Seats at the Policy-Making Table

Larry Press
OnTheInternet, in press

In a 1993 paper on Networking Plans in Haiti [1], Schiller Jean Baptiste and Daniel Pimienta, set forth their plan for REHRED, the Haitian Research and Development Network. REHRED, was to provide "all the services which are required by a national research network," and was to be "handled by the whole Haitian community." They hoped REHRED would be a "basic stone" in the "process of the reconstruction of Haiti and helping the country participate in global development." This has a familiar ring to many who have pioneered networking in emerging nations.

By August, 1993, email was flowing from Haiti through The Dominican Republic to the Internet. REHRED met with the Ministry of Public Works, Transport, and Communication in April, 1996, and it was decided they would administer the .HT top-level domain (TLD), with Haiti's first Internet service provider, Alpha Communications Network (ACN), as technical contact. (Baptiste was ACN president). The first Internet "ping" was to ACN in November, 1996, and REHRED filed the InterNIC registration forms for the .HT TLD. On March 6, 1997, IANA, the Internet Assigned Numbers Authority, notified REHRED that the registration of .HT was completed, and a "whois" query at that time confirmed REHRED as registrar and ACN as technical contact.

But, the time for celebrating this milestone was short. On March 13, IANA received a FAX stating:

The Ministry of Foreign Affairs of the Republic of Haiti is pleased to inform you that it has decided to grant to FOCUS DATA, on a non-exclusive basis, the right to use Haiti's Top Level Domain. FOCUS DATA is a company duly registered in Haiti as an Internet Service Provider (ISP).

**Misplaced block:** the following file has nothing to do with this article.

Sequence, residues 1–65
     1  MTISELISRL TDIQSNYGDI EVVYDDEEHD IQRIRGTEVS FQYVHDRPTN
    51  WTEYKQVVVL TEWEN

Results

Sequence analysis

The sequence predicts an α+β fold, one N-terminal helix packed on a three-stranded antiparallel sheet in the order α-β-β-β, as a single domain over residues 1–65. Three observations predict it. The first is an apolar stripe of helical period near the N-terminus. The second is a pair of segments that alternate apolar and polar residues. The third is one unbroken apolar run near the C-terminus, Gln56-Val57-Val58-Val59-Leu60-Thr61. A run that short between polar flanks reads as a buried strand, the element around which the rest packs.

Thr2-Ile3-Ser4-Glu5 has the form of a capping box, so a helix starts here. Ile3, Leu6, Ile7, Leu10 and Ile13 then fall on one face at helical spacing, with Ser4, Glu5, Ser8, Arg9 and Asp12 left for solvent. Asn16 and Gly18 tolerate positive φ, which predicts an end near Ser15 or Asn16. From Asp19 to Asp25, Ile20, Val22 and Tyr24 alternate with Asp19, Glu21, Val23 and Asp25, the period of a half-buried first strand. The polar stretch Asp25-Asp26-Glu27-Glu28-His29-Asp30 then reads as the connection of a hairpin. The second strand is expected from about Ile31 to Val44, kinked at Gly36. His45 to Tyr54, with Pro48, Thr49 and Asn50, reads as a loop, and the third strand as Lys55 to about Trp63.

The Ministry of Foreign Affairs of the Republic of Haiti would appreciate it if you would take the necessary steps to implement that decision.
On its face, that FAX is confusing, but the same day, IANA sent the following email to REHRED, without comment or a copy of the FAX:
We recently received a FAX from the Haitian government, asking us to redelegate the HT domain to another company for the time being. The Internic has been informed, and we suggest you stop all activity concerning the HT domain. FOCUS DATA has now been given the rights to the HT domain. Please comply with this decision. The Internic will redelegate the domain to this company ASAP. Thank you for your cooperation. [2]
The administration of .HT was redelegated to an organization called Hintelfocus. (Evidently "Focus Data" is a state-licensed ISP, "Hintelnet" is a company with an MCI link to the Net, and "HintelFocus" combines the two).

REHRED protested this reassignment and continues to do so. They question IANA's interpretation of the above FAX, and feel that regardless of the interpretation, IANA violated its own procedures (RFC 1591), and has not been fully open in disclosing and documenting all that has transpired. IANA's position is that it merely implemented the wish of the Haitian Government. For a discussion of procedural and disclosure issues and suggestions for avoiding such problems in the future, see [3].

I do not know what truly happened in Haiti, or what the motivations were, but, regardless, the appearance is bad. To many it seems as though a pioneering, grass-roots research network was displaced by suspicious US and Haitian business interests.

In one sense, that is surely what happened. Research, university, and NGO groups pioneered networking in every nation, but they are now confronting a commercial tidal wave. This is the case in the US as well as emerging nations. For instance, my campus and university system are considering network outsourcing and other commercial relationships, and companies like UUNET and Sprint have decided the old peering arrangements are no longer reasonable.

Telecommunication privatization and competition are also sweeping the world. The International Telecommunication Union (ITU) reports privatization of state-owned telecommunication companies in 40 nations during the 1990s, and lists forthcoming privatizations in 16 nations [4]. In February, 69 nations signed a World Trade Organization (WTO) agreement regarding competition [5]. At the same time, technology is changing rapidly.